A descendent of the late Philip Trammell Shutze, a noted stalwart of European classicism and a devout Italophile, once remarked that Atlanta’s most celebrated architect would have been perfectly happy had he been born during the 18th century. It should seem divinely ordained, then, that an early Atlanta home of his design would be brought back to life under the careful guidance of a young family whose own roots trace back to the Italian region the late architect most adored. That this family would have carte blanche to pull from family homes in Italy, chock-full of 17th- and 18th-century art and museum-worthy furnishings, would no doubt have left Mr. Shutze especially chuffed.
The search for this perfect family home had clear parameters from the outset: a proper classical design, drawn and planned by Shutze. Having grown up living between Europe and her Italian mother’s plantation in South Georgia, the owner had a preternatural appreciation for the sort of classical American architecture inspired by its European antecedents. After viewing five houses designed by Shutze, the family settled on a gracefully proportioned Georgian home set upon 3 acres in Tuxedo Park. Save for an overscale addition that required skillful reworking, the home maintained the spirit of the Shutze’s original vision.
Under the careful direction of Charleston-based Tammy Connor, the designer assembled a team to breathe new life into the home. Working alongside architect Stan Dixon of D. Stanley Dixon Architect and landscape architect John Howard of Howard Design Studio, Connor aimed to provide an elegant yet unstuffy haven for the family of five while making use of sentimental furnishings inherited from the owner’s family.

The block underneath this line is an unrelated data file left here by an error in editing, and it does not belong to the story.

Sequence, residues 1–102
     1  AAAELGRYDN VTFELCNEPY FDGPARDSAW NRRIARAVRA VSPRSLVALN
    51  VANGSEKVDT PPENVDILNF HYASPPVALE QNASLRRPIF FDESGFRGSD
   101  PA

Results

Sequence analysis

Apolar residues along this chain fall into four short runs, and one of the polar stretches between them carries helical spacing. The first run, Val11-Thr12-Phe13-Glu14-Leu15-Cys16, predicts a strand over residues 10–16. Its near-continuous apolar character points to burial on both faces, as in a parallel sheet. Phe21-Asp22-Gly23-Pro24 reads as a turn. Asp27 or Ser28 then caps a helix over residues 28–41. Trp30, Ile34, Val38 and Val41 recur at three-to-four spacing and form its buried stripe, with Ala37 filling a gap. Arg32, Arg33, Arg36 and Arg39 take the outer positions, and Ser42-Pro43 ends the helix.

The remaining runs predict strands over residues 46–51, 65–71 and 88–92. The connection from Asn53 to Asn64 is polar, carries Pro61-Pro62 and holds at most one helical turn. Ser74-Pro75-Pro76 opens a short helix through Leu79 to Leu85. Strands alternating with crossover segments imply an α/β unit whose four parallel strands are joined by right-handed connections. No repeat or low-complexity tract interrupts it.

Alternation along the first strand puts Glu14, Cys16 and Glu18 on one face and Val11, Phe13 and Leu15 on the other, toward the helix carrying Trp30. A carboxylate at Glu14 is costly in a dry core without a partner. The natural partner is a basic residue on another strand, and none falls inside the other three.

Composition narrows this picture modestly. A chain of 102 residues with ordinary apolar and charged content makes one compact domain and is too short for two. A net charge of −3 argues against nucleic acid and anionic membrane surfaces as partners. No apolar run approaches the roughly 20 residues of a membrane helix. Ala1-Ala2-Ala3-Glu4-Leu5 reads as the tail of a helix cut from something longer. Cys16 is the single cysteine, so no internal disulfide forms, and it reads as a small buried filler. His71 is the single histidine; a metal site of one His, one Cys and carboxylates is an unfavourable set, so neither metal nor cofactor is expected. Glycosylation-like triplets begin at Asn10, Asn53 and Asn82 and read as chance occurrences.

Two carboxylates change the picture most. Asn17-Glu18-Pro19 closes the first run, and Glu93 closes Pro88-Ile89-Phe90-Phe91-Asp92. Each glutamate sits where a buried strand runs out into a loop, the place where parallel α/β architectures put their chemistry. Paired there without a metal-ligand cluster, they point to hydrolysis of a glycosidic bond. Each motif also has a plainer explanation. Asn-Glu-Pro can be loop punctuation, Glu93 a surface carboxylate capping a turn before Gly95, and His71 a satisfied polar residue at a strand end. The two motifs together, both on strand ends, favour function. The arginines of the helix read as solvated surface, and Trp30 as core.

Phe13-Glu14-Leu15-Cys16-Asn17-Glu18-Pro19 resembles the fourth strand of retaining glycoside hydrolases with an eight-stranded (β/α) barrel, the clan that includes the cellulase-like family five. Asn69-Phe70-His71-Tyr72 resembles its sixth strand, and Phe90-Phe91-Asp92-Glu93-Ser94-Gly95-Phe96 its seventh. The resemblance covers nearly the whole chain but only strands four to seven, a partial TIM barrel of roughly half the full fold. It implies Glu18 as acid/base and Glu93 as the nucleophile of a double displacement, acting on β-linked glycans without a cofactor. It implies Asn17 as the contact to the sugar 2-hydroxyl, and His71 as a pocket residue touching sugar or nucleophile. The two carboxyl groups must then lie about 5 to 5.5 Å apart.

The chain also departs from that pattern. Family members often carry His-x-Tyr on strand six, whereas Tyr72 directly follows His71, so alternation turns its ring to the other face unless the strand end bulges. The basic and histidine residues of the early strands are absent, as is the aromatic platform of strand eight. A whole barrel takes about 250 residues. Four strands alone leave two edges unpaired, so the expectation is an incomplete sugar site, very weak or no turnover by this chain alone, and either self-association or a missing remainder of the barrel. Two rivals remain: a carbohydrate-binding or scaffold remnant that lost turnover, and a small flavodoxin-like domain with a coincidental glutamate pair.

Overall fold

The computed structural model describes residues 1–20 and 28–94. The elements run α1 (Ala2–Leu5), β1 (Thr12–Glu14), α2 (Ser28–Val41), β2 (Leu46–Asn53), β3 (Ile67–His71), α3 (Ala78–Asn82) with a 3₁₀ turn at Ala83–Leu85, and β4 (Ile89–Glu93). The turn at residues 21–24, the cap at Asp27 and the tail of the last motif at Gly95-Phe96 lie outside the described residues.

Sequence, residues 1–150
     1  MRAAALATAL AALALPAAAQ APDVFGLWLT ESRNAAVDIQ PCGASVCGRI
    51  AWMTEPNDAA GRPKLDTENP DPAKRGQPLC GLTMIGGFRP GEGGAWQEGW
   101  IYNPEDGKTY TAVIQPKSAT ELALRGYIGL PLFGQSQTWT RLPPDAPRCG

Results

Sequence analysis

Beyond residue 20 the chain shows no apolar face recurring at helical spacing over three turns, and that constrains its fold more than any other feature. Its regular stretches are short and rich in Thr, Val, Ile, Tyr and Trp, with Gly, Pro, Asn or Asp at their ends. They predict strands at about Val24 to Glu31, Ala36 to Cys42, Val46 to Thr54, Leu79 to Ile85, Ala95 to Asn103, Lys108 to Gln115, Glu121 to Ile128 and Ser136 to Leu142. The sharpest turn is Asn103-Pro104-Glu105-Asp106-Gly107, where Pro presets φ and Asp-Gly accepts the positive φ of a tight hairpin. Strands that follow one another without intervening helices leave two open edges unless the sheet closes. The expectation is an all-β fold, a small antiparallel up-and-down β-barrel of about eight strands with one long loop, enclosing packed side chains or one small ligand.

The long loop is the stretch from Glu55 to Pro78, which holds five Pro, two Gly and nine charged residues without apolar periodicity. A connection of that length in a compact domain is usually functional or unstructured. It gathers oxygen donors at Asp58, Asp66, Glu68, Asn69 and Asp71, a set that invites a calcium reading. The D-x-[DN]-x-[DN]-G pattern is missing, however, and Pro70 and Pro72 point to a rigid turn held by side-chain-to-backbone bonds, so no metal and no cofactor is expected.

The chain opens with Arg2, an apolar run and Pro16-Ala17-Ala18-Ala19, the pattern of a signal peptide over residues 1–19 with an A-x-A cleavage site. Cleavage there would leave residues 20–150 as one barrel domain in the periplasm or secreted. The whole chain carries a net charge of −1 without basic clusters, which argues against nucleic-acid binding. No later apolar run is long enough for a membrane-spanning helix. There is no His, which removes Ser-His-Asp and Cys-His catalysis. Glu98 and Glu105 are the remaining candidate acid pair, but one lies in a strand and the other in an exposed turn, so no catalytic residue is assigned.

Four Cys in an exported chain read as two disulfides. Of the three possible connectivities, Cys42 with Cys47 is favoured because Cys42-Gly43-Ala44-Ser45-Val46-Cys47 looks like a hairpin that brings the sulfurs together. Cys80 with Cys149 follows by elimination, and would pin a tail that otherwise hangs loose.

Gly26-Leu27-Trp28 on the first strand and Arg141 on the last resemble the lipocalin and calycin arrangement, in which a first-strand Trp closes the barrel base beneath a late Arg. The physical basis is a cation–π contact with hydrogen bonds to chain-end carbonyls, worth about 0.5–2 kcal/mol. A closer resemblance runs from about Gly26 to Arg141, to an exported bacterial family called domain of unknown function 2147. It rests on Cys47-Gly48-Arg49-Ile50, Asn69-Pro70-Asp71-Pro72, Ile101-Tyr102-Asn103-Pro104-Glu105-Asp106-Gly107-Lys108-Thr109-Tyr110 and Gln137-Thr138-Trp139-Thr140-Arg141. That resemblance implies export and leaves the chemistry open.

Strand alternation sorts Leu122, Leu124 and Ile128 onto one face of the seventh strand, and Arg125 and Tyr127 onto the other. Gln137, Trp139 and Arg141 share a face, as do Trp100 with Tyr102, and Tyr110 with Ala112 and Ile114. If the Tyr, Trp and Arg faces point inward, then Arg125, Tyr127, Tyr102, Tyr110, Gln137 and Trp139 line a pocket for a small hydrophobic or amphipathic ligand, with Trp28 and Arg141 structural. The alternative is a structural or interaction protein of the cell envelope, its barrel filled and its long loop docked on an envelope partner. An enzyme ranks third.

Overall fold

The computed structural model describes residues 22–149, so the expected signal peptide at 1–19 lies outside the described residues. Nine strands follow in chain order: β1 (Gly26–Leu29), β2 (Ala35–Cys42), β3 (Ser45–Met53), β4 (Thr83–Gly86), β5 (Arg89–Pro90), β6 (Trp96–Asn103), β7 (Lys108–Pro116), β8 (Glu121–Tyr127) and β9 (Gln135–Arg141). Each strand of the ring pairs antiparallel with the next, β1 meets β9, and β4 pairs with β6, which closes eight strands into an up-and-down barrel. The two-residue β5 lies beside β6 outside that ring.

With a keen focus on maintaining the integrity of Shutze’s original 1930s design, Dixon turned a deft hand at devising what would result in a two-year renovation: Rooms were reconfigured and updated, the attic became a third-floor living area for the children, and the previous addition reworked to more closely reflect the sensitivity of Shutze’s original design. “When you’re lucky enough to work on a house of this caliber, you want to embrace it and learn from it, not go in the opposite direction,” Dixon says.
A sourcing trip to the owner’s ancestral homes in Italy provided Connor with spoils far more meaningful than one could find in the most rarefied antiques store: stacks of ancient vellum books, sanguine and charcoal Italian master drawings adored by the owner’s late mother, and of particular note, a monumental 18th-century chinoiserie screen from a 16th-century Tuscan villa.
“It wasn’t just decorating a house,” Connor says. “It really is a home that has a lot of her family’s pieces from different generations with special connections to her that made it home.”